More broadband equals more work and fewer cars on the road.
“The most important infrastructure for the future is fast, reliable internet connectivity”, said Bud Colligan, co-chair of the Monterey Bay Economic Partnership (MBEP) as he opened a day long conference on the state of the region’s economy. He said that incumbent telephone and cable companies have a big role to play in that, but “it is in our public interest to have a level playing field with robust competition”.
Broadband is intertwined with other infrastructure problems. Rebuilding or expanding roads, for example, offers an opportunity to put conduit in the ground. Colligan said MBEP would be working to make sure that dig once policies developed by the Central Coast Broadband Consortium – under consideration now by several local agencies – are approved and implemented by every city and county in the region.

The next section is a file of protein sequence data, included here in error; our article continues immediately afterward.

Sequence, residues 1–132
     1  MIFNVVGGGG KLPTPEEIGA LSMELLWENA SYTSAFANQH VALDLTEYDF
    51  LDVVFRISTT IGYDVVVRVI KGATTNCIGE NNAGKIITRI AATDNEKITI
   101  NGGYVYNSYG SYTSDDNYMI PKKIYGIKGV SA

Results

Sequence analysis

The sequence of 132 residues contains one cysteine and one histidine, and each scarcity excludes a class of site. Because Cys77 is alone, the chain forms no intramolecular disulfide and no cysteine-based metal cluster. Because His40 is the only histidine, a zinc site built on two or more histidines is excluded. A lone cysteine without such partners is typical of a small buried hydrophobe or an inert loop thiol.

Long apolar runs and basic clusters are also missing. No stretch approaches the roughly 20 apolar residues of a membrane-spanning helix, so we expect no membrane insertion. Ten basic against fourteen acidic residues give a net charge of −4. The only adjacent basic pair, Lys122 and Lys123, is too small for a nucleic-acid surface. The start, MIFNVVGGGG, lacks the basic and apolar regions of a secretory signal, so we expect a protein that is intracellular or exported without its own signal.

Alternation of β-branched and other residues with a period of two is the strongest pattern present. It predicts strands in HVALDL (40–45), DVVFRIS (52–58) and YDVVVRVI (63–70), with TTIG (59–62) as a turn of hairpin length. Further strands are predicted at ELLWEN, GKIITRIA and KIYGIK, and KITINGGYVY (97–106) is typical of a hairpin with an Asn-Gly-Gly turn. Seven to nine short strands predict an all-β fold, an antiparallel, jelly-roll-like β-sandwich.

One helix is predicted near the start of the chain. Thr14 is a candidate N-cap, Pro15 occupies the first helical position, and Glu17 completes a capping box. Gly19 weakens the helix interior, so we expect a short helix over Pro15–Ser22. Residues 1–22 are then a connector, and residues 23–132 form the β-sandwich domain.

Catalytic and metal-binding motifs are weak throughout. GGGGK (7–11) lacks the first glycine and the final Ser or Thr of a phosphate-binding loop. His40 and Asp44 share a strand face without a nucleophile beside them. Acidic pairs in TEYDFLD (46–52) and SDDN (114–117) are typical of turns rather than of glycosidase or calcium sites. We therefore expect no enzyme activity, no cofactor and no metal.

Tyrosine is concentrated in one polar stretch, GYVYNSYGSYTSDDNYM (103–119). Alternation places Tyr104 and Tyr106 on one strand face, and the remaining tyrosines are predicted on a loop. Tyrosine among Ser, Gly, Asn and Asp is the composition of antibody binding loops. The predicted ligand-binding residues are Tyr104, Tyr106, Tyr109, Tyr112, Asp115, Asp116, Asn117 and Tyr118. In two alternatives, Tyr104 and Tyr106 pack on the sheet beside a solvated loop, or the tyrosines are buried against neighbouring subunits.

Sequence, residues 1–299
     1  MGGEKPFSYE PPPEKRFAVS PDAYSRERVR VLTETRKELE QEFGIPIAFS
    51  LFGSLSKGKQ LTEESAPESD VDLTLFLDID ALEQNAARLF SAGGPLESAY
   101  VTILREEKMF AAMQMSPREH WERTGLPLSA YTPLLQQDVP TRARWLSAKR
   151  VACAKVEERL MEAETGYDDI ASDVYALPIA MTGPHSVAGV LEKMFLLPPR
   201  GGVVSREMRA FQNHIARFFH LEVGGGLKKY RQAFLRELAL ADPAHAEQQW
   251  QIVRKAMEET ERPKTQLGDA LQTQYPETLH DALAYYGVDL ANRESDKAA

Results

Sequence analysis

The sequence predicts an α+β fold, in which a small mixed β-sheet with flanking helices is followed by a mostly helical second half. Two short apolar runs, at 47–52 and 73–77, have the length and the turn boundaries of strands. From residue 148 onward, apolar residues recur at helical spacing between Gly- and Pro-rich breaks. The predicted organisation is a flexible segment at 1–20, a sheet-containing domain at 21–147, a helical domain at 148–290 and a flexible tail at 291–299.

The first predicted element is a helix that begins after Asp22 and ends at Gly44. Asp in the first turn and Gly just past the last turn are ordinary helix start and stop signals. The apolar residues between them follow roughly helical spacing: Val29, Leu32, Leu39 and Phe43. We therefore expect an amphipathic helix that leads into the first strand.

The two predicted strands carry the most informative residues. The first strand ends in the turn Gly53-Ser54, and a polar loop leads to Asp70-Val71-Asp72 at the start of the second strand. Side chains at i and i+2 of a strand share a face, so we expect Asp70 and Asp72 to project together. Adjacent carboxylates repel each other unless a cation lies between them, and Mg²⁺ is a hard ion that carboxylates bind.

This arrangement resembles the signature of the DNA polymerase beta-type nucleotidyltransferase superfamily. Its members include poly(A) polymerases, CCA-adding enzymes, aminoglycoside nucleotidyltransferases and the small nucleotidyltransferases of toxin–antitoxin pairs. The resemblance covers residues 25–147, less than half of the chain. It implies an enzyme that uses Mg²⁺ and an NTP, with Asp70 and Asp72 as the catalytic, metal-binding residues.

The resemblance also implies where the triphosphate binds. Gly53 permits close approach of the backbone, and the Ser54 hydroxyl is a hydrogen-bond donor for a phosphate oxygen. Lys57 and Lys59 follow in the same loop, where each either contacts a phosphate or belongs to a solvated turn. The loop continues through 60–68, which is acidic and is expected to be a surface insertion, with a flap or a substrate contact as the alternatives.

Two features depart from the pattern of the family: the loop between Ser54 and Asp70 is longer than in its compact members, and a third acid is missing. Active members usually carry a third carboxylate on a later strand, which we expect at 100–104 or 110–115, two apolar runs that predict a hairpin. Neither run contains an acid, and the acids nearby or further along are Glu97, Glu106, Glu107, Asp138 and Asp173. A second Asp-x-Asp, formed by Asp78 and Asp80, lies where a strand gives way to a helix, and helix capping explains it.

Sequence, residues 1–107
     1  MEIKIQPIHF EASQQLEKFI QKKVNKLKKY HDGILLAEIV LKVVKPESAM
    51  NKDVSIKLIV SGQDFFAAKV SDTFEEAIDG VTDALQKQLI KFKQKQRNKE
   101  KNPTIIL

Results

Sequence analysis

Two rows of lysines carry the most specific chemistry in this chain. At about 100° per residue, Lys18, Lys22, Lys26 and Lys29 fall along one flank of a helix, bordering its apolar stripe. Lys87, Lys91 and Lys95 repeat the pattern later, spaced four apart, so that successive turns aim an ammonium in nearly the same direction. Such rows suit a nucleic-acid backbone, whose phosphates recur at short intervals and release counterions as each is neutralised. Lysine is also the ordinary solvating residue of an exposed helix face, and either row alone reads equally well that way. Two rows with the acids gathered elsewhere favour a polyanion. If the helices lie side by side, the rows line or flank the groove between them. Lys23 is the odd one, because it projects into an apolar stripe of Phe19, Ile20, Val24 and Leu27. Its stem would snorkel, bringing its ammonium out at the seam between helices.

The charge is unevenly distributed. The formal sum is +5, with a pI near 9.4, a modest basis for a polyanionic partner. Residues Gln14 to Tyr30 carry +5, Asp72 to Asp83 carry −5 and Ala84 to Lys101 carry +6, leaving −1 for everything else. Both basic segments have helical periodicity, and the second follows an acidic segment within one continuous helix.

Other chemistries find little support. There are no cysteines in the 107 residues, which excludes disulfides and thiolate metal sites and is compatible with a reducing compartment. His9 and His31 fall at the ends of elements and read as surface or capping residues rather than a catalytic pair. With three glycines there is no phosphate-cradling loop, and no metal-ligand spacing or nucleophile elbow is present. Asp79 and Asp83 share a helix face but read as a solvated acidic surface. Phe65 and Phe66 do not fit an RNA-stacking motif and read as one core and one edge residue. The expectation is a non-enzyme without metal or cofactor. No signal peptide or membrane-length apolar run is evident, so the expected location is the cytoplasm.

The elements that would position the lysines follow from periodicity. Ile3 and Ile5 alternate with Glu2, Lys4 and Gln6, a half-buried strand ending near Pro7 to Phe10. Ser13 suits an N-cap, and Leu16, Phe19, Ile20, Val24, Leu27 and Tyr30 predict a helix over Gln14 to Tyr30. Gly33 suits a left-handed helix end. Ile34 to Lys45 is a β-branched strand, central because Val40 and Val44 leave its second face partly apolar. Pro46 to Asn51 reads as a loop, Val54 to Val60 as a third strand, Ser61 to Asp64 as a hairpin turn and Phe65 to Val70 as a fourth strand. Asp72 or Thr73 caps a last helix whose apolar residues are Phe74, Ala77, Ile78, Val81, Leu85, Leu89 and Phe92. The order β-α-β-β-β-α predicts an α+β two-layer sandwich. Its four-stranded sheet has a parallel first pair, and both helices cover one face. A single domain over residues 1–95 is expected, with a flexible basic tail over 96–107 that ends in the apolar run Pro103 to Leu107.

Some – both the City and the County of Santa Cruz, for example – have adopted those policies, but actually getting broadband conduit into open trenches is still a challenge. “There’s a tremendous problem because the budgets for the roads don’t include any money for conduit, even though it’s so inexpensive”, said Peggy Dolgenos, CEO of Cruzio, a local Internet service provider, pointing out that it’s as much about transportation as it is about telecoms. “One of our goals is to get 3,000 people off the roads…one of the ways we’re trying to do it is better broadband”, she said.
“I urge all the elected officials in the room, it’s something that you all have to ask for in every meeting”, Colligan concluded. “If we’re not making this minimal investment right now…then we’re really being penny wise and pound foolish”.